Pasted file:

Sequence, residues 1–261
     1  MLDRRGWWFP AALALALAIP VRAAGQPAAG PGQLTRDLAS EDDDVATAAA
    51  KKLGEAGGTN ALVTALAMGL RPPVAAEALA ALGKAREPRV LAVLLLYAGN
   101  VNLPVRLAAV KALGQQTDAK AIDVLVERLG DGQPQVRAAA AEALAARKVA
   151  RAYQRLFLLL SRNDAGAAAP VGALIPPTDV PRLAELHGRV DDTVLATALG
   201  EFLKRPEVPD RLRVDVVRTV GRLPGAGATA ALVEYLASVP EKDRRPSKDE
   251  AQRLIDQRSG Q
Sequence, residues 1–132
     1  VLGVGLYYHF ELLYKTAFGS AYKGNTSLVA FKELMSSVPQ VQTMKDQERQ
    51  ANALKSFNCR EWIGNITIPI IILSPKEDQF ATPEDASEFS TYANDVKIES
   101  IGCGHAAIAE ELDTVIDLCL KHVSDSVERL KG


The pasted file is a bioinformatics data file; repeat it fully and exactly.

Sequence, residues 1–261
     1  MLDRRGWWFP AALALALAIP VRAAGQPAAG PGQLTRDLAS EDDDVATAAA
    51  KKLGEAGGTN ALVTALAMGL RPPVAAEALA ALGKAREPRV LAVLLLYAGN
   101  VNLPVRLAAV KALGQQTDAK AIDVLVERLG DGQPQVRAAA AEALAARKVA
   151  RAYQRLFLLL SRNDAGAAAP VGALIPPTDV PRLAELHGRV DDTVLATALG
   201  EFLKRPEVPD RLRVDVVRTV GRLPGAGATA ALVEYLASVP EKDRRPSKDE
   251  AQRLIDQRSG Q
Sequence, residues 1–132
     1  VLGVGLYYHF ELLYKTAFGS AYKGNTSLVA FKELMSSVPQ VQTMKDQERQ
    51  ANALKSFNCR EWIGNITIPI IILSPKEDQF ATPEDASEFS TYANDVKIES
   101  IGCGHAAIAE ELDTVIDLCL KHVSDSVERL KG